Moderna and Pfizer, the developers of COVID-19 shots Spikevax and Comirnaty, are each facing a lawsuit from biotech firm Promosome, accusing them of infringing on a patent covering its messenger RNA (mRNA) technology.

The lawsuits represent the latest legal matter embroiling the two shots. Last summer, Moderna sued Pfizer and BioNTech in Massachusetts, alleging they copied its patented mRNA technology for Comirnaty.

In separate suits filed in federal court in San Diego on Tuesday, Promosome argued that vaccine makers Moderna and Pfizer/BioNTech cloned its method for overcoming a key challenge faced by mRNA vaccines. 

That challenge involves boosting the amount of protein expressed per unit of mRNA – in this case, the coronavirus spike protein – such that an acceptably small dose of the shot can be used safely and effectively.

Promosome is bringing the suits in order to receive what it refers to in the complaints as a “rightful share” of the tens of billions in Spikevax and Comirnaty revenues. 

“Unfortunately, these big pharma companies have failed to give Promosome what it deserves,” lead lawyer Bill Carmody, of the firm Susman Godfrey, stated in a press release.

Promosome, based in San Diego and New York, was launched to bring to market technology developed by the Scripps Research Institute in La Jolla, California.

The mRNA is genetic material that instructs the body how to produce proteins, so that its natural immune system will then recognize the newly minted spike protein as foreign and attack it. Promosome says its scientists discovered a method for increasing protein expression via a small amount of mRNA.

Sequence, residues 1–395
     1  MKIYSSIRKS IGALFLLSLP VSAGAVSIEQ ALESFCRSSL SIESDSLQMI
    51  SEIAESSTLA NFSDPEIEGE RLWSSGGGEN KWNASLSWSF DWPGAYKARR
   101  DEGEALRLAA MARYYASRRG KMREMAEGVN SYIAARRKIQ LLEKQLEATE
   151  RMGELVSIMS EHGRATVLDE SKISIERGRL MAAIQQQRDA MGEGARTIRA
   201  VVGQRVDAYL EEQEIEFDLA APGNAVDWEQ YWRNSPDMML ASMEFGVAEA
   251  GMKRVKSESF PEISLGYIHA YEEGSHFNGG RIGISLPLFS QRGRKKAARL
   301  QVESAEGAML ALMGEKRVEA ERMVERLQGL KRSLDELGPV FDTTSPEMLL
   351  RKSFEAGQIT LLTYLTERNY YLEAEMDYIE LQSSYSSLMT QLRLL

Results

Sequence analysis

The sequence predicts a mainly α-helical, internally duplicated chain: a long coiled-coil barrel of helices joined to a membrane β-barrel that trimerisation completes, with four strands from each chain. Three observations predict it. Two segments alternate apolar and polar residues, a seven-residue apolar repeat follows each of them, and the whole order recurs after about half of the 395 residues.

The biotech allegedly taught its novel method to Moderna leaders, including CEO Stéphane Bancel and president Stephen Hoge, under a 2013 confidentiality agreement. Spikevax’s mRNA sequence, which has since been made public, “starkly reveals” that Moderna copied the method in the patent, according to the first suit. 

The second suit asserts that, in 2015, Promosome shared its technology with then BioNTech scientist Katalin Karikó, whose company went on to incorporate the method for Comirnaty. Neither company licensed the technology for its vaccine, however.

Pfizer and Moderna, both contacted for comment, did not respond at press time. 

Pfizer’s global Comirnaty revenues in 2022 totaled about $37.8 billion, $8.8 billion of it from the U.S. Last year Moderna’s Spikevax sales were $4.4 billion in the U.S. and $18.4 worldwide.